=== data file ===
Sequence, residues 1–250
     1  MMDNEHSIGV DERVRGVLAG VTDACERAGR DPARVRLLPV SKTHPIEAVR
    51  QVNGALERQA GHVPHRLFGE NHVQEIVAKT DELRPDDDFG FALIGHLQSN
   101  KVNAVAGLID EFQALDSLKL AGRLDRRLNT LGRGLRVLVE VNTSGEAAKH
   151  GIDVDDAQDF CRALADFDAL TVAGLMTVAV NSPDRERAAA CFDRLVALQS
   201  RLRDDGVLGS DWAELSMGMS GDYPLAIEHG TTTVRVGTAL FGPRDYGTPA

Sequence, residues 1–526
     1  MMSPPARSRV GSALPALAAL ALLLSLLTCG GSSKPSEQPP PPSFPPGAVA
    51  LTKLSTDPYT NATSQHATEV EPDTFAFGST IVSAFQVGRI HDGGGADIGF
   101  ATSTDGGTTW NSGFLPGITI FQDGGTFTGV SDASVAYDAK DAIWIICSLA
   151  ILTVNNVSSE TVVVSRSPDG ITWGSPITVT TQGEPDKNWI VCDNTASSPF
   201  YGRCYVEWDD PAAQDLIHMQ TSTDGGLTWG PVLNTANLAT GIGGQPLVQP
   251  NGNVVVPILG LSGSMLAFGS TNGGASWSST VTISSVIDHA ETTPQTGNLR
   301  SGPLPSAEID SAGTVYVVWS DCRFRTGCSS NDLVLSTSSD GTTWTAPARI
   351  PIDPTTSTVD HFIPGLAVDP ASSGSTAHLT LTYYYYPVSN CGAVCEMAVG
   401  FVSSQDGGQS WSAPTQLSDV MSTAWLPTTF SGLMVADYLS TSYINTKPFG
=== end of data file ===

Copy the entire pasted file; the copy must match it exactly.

Sequence, residues 1–250
     1  MMDNEHSIGV DERVRGVLAG VTDACERAGR DPARVRLLPV SKTHPIEAVR
    51  QVNGALERQA GHVPHRLFGE NHVQEIVAKT DELRPDDDFG FALIGHLQSN
   101  KVNAVAGLID EFQALDSLKL AGRLDRRLNT LGRGLRVLVE VNTSGEAAKH
   151  GIDVDDAQDF CRALADFDAL TVAGLMTVAV NSPDRERAAA CFDRLVALQS
   201  RLRDDGVLGS DWAELSMGMS GDYPLAIEHG TTTVRVGTAL FGPRDYGTPA

Sequence, residues 1–526
     1  MMSPPARSRV GSALPALAAL ALLLSLLTCG GSSKPSEQPP PPSFPPGAVA
    51  LTKLSTDPYT NATSQHATEV EPDTFAFGST IVSAFQVGRI HDGGGADIGF
   101  ATSTDGGTTW NSGFLPGITI FQDGGTFTGV SDASVAYDAK DAIWIICSLA
   151  ILTVNNVSSE TVVVSRSPDG ITWGSPITVT TQGEPDKNWI VCDNTASSPF
   201  YGRCYVEWDD PAAQDLIHMQ TSTDGGLTWG PVLNTANLAT GIGGQPLVQP
   251  NGNVVVPILG LSGSMLAFGS TNGGASWSST VTISSVIDHA ETTPQTGNLR
   301  SGPLPSAEID SAGTVYVVWS DCRFRTGCSS NDLVLSTSSD GTTWTAPARI
   351  PIDPTTSTVD HFIPGLAVDP ASSGSTAHLT LTYYYYPVSN CGAVCEMAVG
   401  FVSSQDGGQS WSAPTQLSDV MSTAWLPTTF SGLMVADYLS TSYINTKPFG